This list was a great boon to our project, but we were puzzled. A commentary on the Book of Ruth by Rabbi Shlomo Alkabetz is certainly an interesting book, but the massive publicity campaign and the incredible reception of it seem unwarranted nevertheless. The book was selling like hotcakes. Yeshiva students were buying it. Women – who rarely appear as buyers on Prenumeranten lists from this part of the world – were buying it. It made no sense to us.
Then we reached the end of the list and learned the rest of the story. The typesetter – one Yosef Chajales of Buchach – writes in a colophon how David Shmuel Katz died before he could complete the work, leaving his wife, Nisl Gitl, a widow, and his four young children – orphans. He explains how they have nothing and pleads with “our brothers, the children of Israel” to perform an “act of kindness” and purchase the book: “Certainly the merits of the author of the sacred book will protect you.”
Then there is a letter from the widow, Nisl Gitl.
After her husband’s death, it was her brother, Tzvi Elimelekh Naiman, who undertook to travel from town to town, pre-selling the book. She asks that buyers pay full price – not the discounted pre-publication price – so that she can provide for herself and her orphaned children.
Finally, the brother, Tzvi Elimelekh (the name seems to indicate affiliation with the Hasidic court of R. Tzvi Elimelekh Shapira of Dynow, author of Bnei Yisaskhar and numerous other works) reports that he completed the publication thanks to the support of the presubscribers. He then blesses them with all kinds of good wishes.
These letters, however, do not capture the lengths to which the brother went, traveling to every one-horse town in the countryside of Northeast Hungary to sell his brother-in-law’s book in support of his sister and her four young children. Nor do they capture the extraordinary response of the thousands of people who transformed this book into a bestseller out of compassion for a widow and four orphans.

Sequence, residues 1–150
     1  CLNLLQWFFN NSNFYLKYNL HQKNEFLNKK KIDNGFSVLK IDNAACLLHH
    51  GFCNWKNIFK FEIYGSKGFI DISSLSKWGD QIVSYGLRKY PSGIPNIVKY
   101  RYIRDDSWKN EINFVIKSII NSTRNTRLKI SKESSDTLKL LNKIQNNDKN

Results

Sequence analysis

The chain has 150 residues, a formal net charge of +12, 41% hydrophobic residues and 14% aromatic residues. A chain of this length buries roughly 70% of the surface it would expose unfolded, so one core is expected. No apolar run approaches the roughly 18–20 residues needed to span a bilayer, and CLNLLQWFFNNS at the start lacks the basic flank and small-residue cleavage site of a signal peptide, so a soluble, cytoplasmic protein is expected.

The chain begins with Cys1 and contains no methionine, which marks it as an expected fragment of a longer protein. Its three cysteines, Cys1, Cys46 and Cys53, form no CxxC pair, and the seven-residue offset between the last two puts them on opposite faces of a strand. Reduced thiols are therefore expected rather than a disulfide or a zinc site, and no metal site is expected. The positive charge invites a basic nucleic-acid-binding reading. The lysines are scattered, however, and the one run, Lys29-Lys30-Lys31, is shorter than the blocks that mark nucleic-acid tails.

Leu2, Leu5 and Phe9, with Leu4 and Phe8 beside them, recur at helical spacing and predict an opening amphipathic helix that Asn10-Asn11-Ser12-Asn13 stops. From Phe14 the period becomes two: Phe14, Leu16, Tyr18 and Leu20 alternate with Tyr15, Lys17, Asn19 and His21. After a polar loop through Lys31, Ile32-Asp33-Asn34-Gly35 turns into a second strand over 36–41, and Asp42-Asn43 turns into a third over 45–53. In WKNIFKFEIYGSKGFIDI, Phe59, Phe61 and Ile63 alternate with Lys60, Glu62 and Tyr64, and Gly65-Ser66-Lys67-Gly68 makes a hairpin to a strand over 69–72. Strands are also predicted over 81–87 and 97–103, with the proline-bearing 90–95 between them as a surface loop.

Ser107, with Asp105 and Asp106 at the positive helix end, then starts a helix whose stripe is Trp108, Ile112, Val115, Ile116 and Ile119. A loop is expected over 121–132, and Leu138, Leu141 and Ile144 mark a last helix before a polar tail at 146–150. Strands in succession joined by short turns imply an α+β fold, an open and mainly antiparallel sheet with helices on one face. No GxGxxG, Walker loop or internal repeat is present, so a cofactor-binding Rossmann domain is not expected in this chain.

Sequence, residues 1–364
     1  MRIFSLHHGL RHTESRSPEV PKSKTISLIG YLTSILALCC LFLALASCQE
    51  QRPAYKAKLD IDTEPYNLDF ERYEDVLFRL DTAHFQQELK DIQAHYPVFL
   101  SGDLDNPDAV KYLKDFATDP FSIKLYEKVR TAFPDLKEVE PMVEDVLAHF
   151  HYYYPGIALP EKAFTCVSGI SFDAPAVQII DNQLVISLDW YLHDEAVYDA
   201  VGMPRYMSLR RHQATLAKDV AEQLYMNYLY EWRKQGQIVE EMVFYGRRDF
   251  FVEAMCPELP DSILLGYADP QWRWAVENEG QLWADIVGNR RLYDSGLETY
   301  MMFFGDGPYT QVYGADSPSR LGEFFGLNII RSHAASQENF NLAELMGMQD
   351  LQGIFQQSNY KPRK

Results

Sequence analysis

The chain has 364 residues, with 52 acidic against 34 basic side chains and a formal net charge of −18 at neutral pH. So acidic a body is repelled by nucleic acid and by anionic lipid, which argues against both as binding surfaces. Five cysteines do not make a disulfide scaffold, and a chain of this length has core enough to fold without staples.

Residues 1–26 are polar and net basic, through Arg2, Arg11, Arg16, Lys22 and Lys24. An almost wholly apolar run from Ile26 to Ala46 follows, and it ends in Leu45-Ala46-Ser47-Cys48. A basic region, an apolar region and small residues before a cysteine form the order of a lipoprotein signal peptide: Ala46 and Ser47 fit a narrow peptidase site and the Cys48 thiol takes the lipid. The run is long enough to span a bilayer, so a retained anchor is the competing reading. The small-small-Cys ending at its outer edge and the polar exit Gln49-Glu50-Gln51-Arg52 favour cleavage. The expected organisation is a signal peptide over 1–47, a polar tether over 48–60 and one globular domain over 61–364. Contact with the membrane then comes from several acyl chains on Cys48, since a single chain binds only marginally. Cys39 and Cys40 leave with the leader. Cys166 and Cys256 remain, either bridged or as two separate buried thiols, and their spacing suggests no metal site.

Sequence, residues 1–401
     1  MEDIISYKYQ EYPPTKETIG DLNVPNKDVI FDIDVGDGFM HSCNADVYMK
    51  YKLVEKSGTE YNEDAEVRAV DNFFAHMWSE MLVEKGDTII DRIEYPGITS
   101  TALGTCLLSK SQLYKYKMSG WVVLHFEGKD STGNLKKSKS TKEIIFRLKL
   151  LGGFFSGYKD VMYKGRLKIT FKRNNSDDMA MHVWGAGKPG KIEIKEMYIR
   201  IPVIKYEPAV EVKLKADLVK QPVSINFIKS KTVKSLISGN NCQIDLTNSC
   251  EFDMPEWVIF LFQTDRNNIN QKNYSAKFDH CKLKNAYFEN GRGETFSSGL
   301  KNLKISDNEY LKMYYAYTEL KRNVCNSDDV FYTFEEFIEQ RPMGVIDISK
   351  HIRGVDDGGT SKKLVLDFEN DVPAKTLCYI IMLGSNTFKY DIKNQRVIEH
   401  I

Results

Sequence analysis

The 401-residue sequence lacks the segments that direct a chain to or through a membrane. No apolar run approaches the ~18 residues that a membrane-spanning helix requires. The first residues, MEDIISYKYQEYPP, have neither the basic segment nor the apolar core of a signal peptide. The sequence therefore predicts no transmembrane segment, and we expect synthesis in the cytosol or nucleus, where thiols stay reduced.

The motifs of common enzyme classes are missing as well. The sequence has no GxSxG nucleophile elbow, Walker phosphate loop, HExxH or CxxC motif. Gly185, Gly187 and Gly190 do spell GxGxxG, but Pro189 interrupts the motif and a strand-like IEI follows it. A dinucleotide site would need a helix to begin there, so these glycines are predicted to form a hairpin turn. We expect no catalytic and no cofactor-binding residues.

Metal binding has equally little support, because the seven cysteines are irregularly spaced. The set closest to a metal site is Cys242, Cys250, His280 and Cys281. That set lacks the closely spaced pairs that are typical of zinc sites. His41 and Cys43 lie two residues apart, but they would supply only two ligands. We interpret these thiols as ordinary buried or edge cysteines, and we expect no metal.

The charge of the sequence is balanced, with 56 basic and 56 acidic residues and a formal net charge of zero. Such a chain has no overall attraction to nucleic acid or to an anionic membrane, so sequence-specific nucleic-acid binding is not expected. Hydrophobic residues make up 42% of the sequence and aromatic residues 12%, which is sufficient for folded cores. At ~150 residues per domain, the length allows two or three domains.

Finally, perhaps this story tells us something about the intersection between book culture and the culture of tzedaka. Had the brother gone from town to town collecting on behalf of his sister and her children, would he have met with as much success? Perhaps, but it is doubtful. Had the publisher or an agent gone from town to town selling only the book, would he have met with as much success? Almost certainly not. A book like this is simply not best-seller material.
But together – the book plus the story of the publisher’s premature death and his needy family – they produced a remarkable wave of compassion. Perhaps it was because their generosity would be recorded for posterity in the list of Prenumeranten. Perhaps they thought that the book would serve as a talisman. Perhaps it was simply the cumulative effect of the two factors – the desire to own the book and the desire to help the needy – that produced this remarkable result. The people listed in this book are indeed worthy heirs of Ruth the Moabitess.
2 thoughts on “A Latter-Day Book of Ruth, in Marmaros”
It might be interesting to try to determine what determined the geographical limits of the area visited. Were there locations ‘two kilometers further’ that were not visited? Were there political borders? Were there geographical phenomena that would have made going further difficult? What happens when you overlay the map on the YIVO Linguistic and Cultural Atlas of Ashkenazi Jewry?
The geographical limits correspond to “Unterland” – without exception. Eastern Slovakia, Northeast Hungary, Transylvania, Maramaros, and Transcarpathia were all part of the Hungarian Crown Lands in 1891. The traveler did not cross into Galicia or Bukovina, though he came within a few kilometers of the Galician border when he visited Novoselytsya (a different Novoselytsya than the publisher’s home town) and Verkhnii Studenyi during Trip 6 (stops 15 and 16). He never made it as far west as Budapest, and he crossed no international borders.